How to make a fluid replacement for grownups:

  • 1 liter cooked water, let it cool
  • 6 teaspoons sugar
  • Half a teaspoon salt
  • Optional: drops of lemon

Drink it in small portions but often. The fluid replacement can be stored maximum 24 hours in the fridge. Don’t give it to children, they might not be able to handle that much salt, buy ready fluid replacement in the pharmacy for them. The most obvious sign of dehydration is that they don’t pee anything or having a darker pee than normally, but there are many other signs where headache is a common one that I myself always get.

Do you have any other tips to cool down or avoid being dehydrated? Please leave them in the comment or leave a link to the information.

Love Heatwave Advices
 

Mon
Aug.5
2013

Traveling with your dog, especially to a hot country, put some demands on you as the dog’s owner. There are certain very important things to know and keep in mind if you care for your dog. This post tells how to keep your dog cool – maybe cool sunglasses and a Spanish fan not is the best…?

Spanish dog with fan
© javier brosch, Fotolia.com

The most obvious sign that your dog think it’s too hot is that the tongue hangs out of it’s mouth. Why does a dog hangs his tongue out of the mouth? He tries to regulate his body heat. The moisture on the tongue will make the blood flow to be cooler.

I can’t say this enough strongly: never ever leave your dog in the car alone during a hot day, not even for a few minutes! It’s very painful for them. Dogs do not cope with heat very well, in fact much worse than we do ourselves!

If traveling by car: try to travel when it’s not too hot and keep the AC running all the time. Do stops regularly along the way and if you can find any places where the dog can take a bath along the way, make the stops there. Have enough towels in the car to last for the whole trip. A bath will cool down the dog for a long time.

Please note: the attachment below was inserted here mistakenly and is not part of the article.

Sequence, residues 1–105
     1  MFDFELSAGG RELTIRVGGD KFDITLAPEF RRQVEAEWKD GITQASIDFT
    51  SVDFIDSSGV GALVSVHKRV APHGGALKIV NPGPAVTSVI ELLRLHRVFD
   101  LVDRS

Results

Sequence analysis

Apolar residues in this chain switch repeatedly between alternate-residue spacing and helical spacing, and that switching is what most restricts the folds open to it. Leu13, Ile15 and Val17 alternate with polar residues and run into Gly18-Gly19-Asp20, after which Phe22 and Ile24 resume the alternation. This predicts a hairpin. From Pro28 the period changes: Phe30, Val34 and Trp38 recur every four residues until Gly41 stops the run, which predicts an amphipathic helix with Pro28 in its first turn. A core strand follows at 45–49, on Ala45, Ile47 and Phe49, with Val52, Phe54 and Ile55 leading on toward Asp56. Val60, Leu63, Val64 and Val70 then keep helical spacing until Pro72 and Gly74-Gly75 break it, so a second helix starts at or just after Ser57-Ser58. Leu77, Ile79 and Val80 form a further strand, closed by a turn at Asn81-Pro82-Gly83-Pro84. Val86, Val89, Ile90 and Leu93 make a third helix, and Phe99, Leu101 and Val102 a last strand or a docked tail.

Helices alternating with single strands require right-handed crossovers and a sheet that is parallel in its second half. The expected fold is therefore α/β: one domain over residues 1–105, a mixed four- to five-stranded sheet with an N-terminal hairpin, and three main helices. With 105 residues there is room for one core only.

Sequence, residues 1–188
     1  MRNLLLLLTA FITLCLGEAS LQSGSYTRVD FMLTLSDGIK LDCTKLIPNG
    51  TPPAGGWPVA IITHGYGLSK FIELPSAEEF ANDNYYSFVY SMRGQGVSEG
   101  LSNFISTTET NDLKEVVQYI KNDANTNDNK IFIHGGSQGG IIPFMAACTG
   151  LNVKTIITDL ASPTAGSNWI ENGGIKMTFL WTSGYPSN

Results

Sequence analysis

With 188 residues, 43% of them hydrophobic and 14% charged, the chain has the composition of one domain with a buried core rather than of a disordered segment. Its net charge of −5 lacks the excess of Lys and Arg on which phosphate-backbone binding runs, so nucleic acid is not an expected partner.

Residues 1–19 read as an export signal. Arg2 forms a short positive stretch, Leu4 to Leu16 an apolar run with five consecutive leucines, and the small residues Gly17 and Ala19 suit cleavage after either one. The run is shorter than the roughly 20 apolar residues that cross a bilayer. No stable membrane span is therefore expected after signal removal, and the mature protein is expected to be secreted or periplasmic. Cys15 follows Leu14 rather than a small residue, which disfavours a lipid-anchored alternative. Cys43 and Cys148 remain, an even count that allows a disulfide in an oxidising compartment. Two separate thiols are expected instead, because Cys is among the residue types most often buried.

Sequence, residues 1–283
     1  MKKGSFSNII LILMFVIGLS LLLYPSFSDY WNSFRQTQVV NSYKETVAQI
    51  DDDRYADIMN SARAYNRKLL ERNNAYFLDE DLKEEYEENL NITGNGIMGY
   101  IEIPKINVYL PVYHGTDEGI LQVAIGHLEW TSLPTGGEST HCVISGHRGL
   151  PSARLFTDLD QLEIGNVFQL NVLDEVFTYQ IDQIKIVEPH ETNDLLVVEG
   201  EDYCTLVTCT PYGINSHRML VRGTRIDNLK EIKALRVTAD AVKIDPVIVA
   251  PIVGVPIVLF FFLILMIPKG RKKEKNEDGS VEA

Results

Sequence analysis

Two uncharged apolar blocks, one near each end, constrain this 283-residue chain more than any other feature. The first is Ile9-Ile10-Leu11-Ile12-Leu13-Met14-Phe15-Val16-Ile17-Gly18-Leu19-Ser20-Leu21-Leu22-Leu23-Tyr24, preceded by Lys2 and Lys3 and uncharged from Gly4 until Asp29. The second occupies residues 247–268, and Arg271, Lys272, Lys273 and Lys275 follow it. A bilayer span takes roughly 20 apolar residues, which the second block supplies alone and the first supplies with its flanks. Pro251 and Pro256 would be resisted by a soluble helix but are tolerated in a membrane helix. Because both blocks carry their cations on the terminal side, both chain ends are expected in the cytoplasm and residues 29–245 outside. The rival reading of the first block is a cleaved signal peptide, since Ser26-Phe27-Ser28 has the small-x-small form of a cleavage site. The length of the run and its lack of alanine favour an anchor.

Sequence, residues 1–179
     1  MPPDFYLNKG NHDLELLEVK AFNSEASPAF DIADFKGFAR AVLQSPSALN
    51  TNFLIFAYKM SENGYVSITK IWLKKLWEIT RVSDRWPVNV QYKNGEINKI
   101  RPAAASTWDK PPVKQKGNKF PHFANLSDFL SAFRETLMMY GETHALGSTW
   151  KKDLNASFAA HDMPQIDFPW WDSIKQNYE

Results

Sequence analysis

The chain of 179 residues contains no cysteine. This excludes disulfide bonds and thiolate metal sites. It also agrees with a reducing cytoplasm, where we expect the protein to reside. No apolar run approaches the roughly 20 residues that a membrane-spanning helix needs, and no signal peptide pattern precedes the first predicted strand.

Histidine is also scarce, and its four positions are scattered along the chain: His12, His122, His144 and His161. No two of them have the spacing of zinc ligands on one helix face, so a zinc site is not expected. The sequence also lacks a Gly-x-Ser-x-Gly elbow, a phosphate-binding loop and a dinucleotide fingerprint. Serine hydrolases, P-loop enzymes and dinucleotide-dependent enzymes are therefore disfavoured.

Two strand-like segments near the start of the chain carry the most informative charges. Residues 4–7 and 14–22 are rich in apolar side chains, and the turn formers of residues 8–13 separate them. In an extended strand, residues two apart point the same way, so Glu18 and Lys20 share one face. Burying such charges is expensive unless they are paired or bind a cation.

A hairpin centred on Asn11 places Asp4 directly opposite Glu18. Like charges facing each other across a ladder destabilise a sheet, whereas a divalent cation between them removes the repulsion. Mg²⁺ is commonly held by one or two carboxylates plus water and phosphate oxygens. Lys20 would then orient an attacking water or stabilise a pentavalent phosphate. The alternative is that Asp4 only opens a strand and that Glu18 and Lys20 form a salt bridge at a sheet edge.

If leaving your dog at your holiday rental while you’re going out: make sure that it’s not too hot and that there is enough air. Do leave the airconditioner on for the dog and if it use to be power outage in the area: leave some windows open to be sure the dog get some air.

Always exercise your dog when it’s least hot, which means in the early mornings and late evenings. Try to let them use their heads instead of their bodies. The brain needs the most exercise for them to get calm and satisfied. Try to avoid asphalt roads since they absorb heat trough their feet.

That’s also why the best way to cool down an already too hot dog is to place the dogs feet in cool water and sprinkling the chest with cold water or cover him in wet cold towels – plus letting him drink cool water of course. Also remember that a dark coated dog will be faster dehydrated than a light coated dog.

dog drinking water from bottle
© capsicina, Flickr.com

From my own dog experiences I will also learn you my own trick to avoid getting the dog too hot in advance:

Have a piece of an old bed sheet with you that you can wrap around yuor dog, wet it with cool water and place it on his body. Sometimes it’s also enough when the dog lays upon it. Keep it wet. It’s a great cheap way to keep your dog cool, the bed sheet don’t take up much space/weight and you will need to have water with you anyway.

Also give your dog some dog treat that have been in the freezer or if not possible when out: give the dog an icecream, which will cool him down a lot – at least so that he stop panting for a while, but that will only help temporarily. The sugar in the icecream will make him thirsty eventually – and maybe add up his weight if you have a overweight dog.

Use your fantasy: set up a childrens pool, put on the sprinklers. Don’t be mad of the dog if it has been digging itself a hole in your garden and laid down there – it’s a way to find a cooling place.

How do you know if your dog is dehydrated? Look out for the signs: unusual panting and drooling, lethargic, fever, vomiting, bloodshoot eyes and paleness among others. If you lift the skin: will it fall back fast again or not? If not, the dog is probably dehydrated.